An interactive view of Webster University's campus.
Webster University’s commitment to Athletics
Clarification: Chief Financial Officer Greg Gunderson’s quote about the timeframe of Webster’s future projects has been clarified from its original text in the print edition.
In the past two decades Webster University athletics has grown from an organization which did not have NCAA affiliation until 1984 to a school which now boasts the second most St. Louis Intercollegiate Athletic Conference (SLIAC) titles of any school across all sports. Webster has expanded from eight sports in 1992 to 14 in 2014 and in the past two years have added JV men’s and women’s soccer and indoor track.
Webster Chief Financial Officer Greg Gunderson said that the athletic department is a recruiting force and a way for the university to gain recognition.
In addition, Gunderson said that the university has increased their investment in the athletic department since 2011. Gunderson said that total money spent on salaries has risen from $726,000 to $927,000, the benefits for employees has risen from $172,000 to $214,000 and operating cost has risen from $298,000 to $323,000 over that time period. In total the university’s investment in the athletic department has risen from $1,196,000 to $1,464,000 from 2011 to 2015.
“You look at our enrollment growth from 2011 to today and a chunk of it can be directly attributed to the success athletics has had, in expanding its offerings in a logical way, and recruiting more students,” Gunderson said.
From 2011-12 to 2014-15 enrollment has risen from 2,372 undergraduate students at the Webster Groves Campus to 3,002 students in 2014-15.
Interim Chief Enrollment Officer Robert Parrent said that the university has sought to build a model for incremental growth within the athletic department.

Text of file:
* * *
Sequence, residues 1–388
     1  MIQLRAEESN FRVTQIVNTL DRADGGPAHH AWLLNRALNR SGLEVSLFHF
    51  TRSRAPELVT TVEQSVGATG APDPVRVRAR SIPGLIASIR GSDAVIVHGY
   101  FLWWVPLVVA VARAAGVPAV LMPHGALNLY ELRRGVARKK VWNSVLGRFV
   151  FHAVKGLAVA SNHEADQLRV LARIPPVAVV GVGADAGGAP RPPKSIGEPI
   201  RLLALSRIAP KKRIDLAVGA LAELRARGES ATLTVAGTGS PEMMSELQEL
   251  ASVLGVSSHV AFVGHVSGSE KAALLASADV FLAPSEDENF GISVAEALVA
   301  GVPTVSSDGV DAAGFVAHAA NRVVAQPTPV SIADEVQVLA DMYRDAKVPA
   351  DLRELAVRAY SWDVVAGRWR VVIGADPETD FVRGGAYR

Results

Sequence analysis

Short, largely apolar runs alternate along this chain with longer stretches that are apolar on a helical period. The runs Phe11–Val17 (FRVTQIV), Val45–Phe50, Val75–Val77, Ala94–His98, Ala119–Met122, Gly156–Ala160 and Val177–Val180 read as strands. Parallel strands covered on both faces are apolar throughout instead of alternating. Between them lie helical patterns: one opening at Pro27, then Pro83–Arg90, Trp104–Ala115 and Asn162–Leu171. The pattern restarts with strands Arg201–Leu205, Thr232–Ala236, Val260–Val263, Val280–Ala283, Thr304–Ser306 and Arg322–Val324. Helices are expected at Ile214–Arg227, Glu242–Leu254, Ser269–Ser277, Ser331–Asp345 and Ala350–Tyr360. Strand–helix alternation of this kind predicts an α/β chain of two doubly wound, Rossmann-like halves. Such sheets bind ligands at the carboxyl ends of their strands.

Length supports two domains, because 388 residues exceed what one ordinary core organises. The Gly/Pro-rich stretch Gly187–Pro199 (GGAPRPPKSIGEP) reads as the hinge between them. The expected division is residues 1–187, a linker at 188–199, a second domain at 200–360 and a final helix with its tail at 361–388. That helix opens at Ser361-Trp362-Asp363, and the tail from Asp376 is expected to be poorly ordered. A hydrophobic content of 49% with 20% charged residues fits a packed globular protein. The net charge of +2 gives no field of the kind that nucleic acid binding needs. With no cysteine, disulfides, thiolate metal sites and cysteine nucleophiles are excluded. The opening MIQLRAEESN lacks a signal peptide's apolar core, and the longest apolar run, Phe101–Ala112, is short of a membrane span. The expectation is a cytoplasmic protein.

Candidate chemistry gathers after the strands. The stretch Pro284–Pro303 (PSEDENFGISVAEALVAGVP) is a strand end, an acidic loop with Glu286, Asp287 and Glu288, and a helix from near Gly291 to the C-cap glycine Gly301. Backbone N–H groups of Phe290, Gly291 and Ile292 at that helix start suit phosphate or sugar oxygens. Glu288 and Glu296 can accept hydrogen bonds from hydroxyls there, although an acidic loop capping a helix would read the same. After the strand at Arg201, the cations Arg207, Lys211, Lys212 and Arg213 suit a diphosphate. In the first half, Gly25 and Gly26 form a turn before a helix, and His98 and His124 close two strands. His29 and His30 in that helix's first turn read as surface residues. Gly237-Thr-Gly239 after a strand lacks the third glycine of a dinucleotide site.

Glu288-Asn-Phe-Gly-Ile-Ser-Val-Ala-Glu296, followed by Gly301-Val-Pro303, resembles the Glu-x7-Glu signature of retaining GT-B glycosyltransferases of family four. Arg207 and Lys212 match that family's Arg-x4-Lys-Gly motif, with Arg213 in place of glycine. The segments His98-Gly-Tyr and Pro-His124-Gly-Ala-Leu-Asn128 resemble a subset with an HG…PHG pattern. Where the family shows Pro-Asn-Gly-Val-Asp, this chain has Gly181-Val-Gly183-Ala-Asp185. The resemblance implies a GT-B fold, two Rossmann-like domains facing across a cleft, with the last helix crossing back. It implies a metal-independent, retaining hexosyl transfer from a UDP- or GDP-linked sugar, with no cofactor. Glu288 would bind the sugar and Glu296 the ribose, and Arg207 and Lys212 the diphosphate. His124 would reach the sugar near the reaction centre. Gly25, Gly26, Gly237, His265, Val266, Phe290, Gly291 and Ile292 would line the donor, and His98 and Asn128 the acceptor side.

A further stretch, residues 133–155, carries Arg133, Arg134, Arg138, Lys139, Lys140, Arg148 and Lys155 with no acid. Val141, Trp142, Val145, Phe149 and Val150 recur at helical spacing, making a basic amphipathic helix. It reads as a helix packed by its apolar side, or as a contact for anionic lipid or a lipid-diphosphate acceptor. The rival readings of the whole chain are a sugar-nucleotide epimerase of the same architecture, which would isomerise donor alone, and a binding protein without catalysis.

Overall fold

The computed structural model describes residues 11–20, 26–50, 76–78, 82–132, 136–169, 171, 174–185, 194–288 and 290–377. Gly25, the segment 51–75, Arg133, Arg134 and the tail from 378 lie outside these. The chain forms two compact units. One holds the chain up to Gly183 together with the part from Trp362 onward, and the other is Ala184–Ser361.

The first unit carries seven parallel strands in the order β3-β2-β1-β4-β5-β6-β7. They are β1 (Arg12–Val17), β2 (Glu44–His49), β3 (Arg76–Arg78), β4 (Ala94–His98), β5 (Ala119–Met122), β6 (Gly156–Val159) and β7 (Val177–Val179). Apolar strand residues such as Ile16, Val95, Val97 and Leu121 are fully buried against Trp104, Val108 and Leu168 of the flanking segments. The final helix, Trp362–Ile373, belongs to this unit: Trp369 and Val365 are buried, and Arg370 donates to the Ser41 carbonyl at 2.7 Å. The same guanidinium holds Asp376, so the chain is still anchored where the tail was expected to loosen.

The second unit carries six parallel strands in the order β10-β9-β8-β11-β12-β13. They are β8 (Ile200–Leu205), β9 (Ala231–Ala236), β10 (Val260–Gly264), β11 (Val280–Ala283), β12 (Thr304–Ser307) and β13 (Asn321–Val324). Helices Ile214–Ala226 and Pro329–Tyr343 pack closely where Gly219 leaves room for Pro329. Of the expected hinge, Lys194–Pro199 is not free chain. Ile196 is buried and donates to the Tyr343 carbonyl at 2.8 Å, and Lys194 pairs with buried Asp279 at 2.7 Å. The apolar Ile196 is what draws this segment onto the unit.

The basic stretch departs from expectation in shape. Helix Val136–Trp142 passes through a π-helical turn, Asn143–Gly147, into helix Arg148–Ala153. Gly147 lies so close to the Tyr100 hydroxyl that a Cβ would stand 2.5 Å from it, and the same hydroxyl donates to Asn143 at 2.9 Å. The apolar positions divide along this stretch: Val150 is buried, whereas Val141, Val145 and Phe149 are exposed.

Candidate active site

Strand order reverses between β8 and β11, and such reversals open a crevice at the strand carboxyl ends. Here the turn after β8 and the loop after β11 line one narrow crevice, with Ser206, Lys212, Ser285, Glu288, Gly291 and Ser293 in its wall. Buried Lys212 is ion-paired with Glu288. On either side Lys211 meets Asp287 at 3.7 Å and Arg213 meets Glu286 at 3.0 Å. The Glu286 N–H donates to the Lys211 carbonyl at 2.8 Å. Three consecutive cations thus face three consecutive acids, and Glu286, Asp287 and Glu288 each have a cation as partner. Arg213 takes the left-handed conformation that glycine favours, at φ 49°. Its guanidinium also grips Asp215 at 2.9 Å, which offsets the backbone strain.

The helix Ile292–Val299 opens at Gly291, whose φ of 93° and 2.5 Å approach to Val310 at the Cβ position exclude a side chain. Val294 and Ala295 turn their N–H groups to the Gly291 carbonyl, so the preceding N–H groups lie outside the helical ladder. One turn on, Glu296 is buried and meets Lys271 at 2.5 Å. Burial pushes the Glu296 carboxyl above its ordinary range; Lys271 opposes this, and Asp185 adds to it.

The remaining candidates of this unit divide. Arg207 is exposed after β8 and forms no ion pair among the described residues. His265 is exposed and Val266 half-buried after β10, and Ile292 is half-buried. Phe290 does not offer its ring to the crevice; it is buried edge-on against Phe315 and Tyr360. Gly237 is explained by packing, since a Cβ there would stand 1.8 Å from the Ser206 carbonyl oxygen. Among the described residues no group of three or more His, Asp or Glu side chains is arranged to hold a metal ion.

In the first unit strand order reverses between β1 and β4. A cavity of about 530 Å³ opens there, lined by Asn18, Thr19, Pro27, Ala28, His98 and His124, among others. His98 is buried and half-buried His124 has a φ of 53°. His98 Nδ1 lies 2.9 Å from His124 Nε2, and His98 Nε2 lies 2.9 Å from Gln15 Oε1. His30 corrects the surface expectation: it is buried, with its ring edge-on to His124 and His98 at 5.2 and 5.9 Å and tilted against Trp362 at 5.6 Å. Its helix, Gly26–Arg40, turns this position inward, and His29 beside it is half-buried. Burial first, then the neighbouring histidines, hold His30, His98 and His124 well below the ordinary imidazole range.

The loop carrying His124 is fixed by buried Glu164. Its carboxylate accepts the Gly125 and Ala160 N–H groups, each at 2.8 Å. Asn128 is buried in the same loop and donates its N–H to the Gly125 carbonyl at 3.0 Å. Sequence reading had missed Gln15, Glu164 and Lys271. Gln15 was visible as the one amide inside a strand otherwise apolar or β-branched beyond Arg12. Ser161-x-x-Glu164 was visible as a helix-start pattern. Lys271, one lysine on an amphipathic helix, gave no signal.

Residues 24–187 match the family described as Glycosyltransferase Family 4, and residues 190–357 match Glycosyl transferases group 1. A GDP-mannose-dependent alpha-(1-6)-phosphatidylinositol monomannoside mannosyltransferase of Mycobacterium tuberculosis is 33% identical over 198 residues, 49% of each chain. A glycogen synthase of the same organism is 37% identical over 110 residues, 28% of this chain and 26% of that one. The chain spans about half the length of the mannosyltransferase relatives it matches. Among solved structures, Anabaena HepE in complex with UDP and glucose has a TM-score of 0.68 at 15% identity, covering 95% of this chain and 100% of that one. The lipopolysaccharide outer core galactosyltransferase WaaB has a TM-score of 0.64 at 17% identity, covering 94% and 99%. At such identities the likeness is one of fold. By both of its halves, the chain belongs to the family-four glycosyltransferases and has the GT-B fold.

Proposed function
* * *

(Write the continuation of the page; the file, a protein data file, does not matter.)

“It’s not just growth for growth’s sake — it’s strategic growth,” Parrent said.
Still, despite success in the past, first year Athletic Director Scott Kilgallon said that the athletic department has huge needs in its efforts to grow, especially space.
“The bigger issue is getting that space where you can do programs and events. In my mind, the university may be at a different tipping point than they were a couple of years ago because (the university) understands that athletics helps attract and grow enrollment. I think the school needs to seriously look at when there is an opportunity to buy something that’s close to campus,” Kilgallon said.
Kilgallon said to his knowledge several facilities had been up for sale in the past few years in the St. Louis area, including the St. Louis Soccer Park and the Sports Center on Langley Avenue. According to a Journal article, Niagra Worldwide purchased the building shortly after the Sports Center closed. According to an article from the St. Louis Post-Dispatch, St. Louis Scott Gallagher Soccer Club acquired the Soccer Park from Jeff Cooper and St. Louis Soccer United for an undisclosed amount on Aug. 10, 2011.
Webster had been playing soccer games at Soccer Park prior to that time. While Kilgallon recognizes that the university might not have been in a position to make a play for a facility like Soccer Park then, it is these sort of opportunities he would like the university to consider now.